Tokyo Tourism Trends and Whole Building Investment

The Japan Tourism Research Co. released yesterday the latest data on 2017’s tourism numbers and the inbound numbers are clearly marching ahead at an aggressive pace.

So far this year, each month has shown on average a 20% increase in inbound month to month compared to 2016.

Comparing the inbound number on a yearly basis all the way to 1964, the increase is even more dramatically demonstrated.

These increases in tourism numbers have had notable economic impacts ranging from increased revenue in the souvenir industries (sake etc…) to the burgeoning minpaku (AirBnB) market within the city.

The minpaku market has been looking forward to limited deregulation for several years now and in June of 2018, the federal government will allow properties in residential zones to operate 180 days of the calendar year.

Furthermore though, each prefecture and city within a prefecture are allowed to tack on rider restrictions to the federal regulations as each locality sees fit. This means that it is possible that Minato Ward and Shibuya ward might have completely different restrictions.

In fact, Shinjuku Ward has announced their limitations (Japanese only) recently stating that approved minpaku operators can only operate on Saturdays and Sundays, not weekdays.

Another issue that is becoming apparent however are home owner’s associations introducing language within their charters specifically not allowing minpaku whatsoever thus eliminating many condos city wide from taking part in the tourist boom.

For the investor looking to enter the Tokyo minpaku market, the absolute best way to do so is to purchase a whole building where you are the sole owner.

Tier 2 and Tier 1 whole building financing does exist for qualified borrowers and some reasons for choosing Tokyo to invest in over other cities is for three clear reasons:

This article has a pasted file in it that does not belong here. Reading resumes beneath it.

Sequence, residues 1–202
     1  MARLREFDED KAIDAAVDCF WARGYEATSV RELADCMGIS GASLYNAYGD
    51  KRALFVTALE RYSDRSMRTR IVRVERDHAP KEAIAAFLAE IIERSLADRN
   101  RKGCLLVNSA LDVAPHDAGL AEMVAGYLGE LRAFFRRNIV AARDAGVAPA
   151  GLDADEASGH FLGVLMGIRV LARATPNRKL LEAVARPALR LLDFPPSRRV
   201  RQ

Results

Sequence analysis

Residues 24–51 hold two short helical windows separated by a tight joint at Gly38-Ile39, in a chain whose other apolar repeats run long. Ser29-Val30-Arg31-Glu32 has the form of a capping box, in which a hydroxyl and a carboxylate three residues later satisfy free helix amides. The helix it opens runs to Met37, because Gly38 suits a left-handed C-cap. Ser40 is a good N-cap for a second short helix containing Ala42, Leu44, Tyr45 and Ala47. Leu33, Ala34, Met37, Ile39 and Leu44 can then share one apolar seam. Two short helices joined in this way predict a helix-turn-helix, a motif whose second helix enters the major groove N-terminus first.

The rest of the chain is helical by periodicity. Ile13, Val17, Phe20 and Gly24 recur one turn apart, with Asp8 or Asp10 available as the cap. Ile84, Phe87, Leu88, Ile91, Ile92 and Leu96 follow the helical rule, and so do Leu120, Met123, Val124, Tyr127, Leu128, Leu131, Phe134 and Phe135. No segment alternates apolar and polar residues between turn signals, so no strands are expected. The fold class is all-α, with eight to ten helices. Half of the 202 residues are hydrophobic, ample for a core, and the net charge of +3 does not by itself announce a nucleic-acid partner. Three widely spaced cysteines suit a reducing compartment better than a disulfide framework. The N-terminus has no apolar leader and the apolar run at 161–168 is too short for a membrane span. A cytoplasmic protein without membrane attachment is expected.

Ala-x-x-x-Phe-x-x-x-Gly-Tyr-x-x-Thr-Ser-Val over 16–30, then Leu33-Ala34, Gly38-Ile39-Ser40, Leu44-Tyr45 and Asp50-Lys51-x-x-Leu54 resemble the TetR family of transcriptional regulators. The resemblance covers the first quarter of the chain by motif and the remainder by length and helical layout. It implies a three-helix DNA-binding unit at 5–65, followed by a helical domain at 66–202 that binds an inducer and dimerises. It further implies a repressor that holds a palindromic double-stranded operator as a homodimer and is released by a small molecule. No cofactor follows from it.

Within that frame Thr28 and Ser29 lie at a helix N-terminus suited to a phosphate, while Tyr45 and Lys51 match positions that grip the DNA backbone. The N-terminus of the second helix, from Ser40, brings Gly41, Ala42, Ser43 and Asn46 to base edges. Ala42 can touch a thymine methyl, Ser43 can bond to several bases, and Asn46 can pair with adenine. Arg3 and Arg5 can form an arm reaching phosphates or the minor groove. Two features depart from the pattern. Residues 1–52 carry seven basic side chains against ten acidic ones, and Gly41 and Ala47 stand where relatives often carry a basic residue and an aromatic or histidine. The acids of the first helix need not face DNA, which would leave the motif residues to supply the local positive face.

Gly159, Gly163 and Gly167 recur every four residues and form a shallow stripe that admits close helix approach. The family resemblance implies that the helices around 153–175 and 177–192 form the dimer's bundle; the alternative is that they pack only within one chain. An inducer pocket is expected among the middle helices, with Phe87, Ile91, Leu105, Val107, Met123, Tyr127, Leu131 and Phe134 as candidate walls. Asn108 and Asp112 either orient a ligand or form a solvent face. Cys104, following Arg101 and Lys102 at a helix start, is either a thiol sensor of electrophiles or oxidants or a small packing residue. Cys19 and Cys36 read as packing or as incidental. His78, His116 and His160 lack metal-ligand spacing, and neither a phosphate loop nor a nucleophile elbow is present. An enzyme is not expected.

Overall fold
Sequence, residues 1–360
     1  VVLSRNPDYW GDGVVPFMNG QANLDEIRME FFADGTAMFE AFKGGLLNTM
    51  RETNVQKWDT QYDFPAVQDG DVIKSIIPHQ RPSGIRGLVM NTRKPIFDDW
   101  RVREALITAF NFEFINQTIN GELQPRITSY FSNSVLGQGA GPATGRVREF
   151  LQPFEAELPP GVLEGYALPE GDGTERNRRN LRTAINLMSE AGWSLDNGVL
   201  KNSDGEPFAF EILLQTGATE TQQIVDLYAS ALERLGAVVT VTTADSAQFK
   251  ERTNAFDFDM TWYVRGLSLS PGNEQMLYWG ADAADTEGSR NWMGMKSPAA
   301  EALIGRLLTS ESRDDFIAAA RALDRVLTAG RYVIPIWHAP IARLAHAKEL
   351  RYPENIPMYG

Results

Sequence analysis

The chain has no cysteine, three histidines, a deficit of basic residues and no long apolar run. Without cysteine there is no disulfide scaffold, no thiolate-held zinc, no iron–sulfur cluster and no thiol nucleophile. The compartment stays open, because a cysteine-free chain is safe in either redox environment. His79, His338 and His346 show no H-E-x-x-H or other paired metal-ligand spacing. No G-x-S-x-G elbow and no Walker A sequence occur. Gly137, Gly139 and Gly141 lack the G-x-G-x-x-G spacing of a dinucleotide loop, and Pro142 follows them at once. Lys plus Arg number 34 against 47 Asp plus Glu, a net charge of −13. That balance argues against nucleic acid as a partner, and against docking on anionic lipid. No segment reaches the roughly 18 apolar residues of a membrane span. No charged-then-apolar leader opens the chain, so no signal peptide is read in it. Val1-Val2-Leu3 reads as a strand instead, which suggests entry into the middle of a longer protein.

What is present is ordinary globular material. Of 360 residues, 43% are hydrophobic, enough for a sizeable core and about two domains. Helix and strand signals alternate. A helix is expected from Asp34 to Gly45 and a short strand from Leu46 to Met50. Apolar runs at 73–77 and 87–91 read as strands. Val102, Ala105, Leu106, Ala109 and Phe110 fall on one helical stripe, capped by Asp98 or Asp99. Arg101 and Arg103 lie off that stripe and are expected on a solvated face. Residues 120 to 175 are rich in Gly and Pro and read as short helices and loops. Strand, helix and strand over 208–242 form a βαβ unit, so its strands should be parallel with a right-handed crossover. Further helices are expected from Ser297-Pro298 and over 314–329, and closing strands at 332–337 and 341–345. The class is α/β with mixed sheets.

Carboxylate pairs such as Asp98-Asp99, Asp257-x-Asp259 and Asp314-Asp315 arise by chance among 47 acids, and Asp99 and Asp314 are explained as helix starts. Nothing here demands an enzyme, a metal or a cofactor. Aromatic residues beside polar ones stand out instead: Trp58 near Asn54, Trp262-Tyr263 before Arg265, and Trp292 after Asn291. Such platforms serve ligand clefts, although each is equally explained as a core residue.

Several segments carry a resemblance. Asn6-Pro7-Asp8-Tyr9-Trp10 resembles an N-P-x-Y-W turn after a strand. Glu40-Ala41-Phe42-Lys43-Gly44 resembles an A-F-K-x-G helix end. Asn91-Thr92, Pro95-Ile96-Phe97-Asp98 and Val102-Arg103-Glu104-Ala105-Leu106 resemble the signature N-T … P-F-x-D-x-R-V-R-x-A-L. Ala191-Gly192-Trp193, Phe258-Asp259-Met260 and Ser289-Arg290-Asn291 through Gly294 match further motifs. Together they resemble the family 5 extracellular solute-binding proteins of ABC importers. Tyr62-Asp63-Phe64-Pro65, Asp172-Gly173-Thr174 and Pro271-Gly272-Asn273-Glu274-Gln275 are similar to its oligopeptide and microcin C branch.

Regular, long term rents are rising and are expected to do so in the foreseeable future.

Demographics in Tokyo will continue to rise for the foreseeable future

Whole buildings in central Tokyo appreciate the fastest in up markets and hold their value the best in down markets.

When looking at a whole building for minpaku use, your bottom line is the long term rental market. In fact, banks will only lend based on long term rental rates as opposed to higher minpaku or monthly estimates.

Another reason the long term rental market matters is because in all likelihood, the building you would purchase is second hand and thus will have existing tenants already.

These tenants could stay put for years prior to leaving to allow the unit to be converted to minpaku or monthly furnished rental use.

This week Savills World Research released their Q3/2017 rental report stating that rents in the central five wards in Tokyo have risen 2.7% YoY with occupancy comfortably sustained at 95%.

Quoting the report, “Mid-market asking rents continue their slow but steady ascent. If the recent growth trend persists, rents in the central five wards may surpass their 2008 levels sometime in 2018.”

This means that rents are increasing along with price appreciation which can keep Tokyo’s average rental yield of around 4.5% for longer than anticipated.

For those looking to explore options of purchasing whole building in the central Tokyo area, feel free to contact us at


Editor’s Note: Robin is the Marketing Manager for Housing Japan. He is involved with property promotion and market analysis.